(Bloomberg) -- India’s Mangalore Refinery and Petrochemicals Ltd. shelved a planned refinery expansion to focus on boosting its petrochemical production capacity, which may cost as much as 470 billion rupees ($5.7 billion).
A shifting energy landscape primarily driven by the uptake of electric vehicles has prompted MRPL to focus its efforts on increasing output of chemicals that can be used for plastics and paints, Sanjay Varma, managing director, said in an interview. The company’s major investment will be on a new production plant in the southern Indian state of Karnataka, he said.
Indian and Chinese refiners along with majors such as Exxon Mobil Corp. are betting on petrochemicals to underpin future oil demand as the transition to electric vehicles chips away at consumption of transport fuels. The new MRPL plant is likely to be operational in the next three to five years, said Varma.
India is a net-importer of petrochemicals and the country is facing a “make-or-buy” decision, said Larry Tan, vice president of chemical consulting in Asia at S&P Global Commodity Insights in Singapore. “There is better value to capture production locally.”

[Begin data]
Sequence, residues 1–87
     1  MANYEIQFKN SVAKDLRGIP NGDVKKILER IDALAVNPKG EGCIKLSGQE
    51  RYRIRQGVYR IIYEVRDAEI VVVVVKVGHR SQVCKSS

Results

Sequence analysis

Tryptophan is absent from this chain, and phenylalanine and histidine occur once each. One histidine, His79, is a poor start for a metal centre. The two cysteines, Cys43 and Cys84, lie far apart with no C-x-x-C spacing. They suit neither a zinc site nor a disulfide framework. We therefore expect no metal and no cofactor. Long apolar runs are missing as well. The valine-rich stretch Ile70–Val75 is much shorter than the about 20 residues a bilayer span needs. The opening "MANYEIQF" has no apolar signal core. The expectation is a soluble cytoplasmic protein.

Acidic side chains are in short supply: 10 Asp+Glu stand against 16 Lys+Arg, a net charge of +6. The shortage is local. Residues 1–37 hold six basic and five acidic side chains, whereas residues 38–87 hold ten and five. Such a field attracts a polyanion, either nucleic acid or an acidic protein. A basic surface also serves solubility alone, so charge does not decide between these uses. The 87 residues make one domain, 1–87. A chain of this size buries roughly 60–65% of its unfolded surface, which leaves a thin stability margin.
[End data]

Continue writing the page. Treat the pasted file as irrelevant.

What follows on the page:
MRPL — majority owned by state-controlled Oil and Natural Gas Corp. — plans to spend around 300-400 billion rupees on the new plant, and a further 60-70 billion rupees on smaller petrochemical units, Varma said. The investment will help “de-risk MRPL’s future” during the energy transition, he added.
The investment will contribute to ONGC’s overall spend of 1 trillion rupees to expand its petrochemical capacity to 8 million tons a year by 2030, from 3.4 million tons, according to a spokesman for ONGC.
While MRPL shelved plans to boost the capacity of its refinery on the west coast to 18 million tons a year from 15 million tons, the plant has still run above operational levels, said Varma. The refinery operated at a record average of 17.1 million tons a year over the 12 months ended March 13, he said.
--With assistance from Elizabeth Low.
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